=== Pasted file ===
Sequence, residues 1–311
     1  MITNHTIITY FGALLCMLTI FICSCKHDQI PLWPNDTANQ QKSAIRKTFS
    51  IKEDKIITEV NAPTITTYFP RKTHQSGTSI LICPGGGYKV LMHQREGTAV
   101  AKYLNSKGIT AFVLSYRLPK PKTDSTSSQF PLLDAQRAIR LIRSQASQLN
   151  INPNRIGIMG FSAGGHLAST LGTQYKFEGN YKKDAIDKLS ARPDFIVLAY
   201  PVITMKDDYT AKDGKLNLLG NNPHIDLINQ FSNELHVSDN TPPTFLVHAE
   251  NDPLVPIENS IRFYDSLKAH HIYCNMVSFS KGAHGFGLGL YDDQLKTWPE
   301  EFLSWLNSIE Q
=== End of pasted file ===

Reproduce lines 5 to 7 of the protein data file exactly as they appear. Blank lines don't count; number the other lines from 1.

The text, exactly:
   151  INPNRIGIMG FSAGGHLAST LGTQYKFEGN YKKDAIDKLS ARPDFIVLAY
   201  PVITMKDDYT AKDGKLNLLG NNPHIDLINQ FSNELHVSDN TPPTFLVHAE
   251  NDPLVPIENS IRFYDSLKAH HIYCNMVSFS KGAHGFGLGL YDDQLKTWPE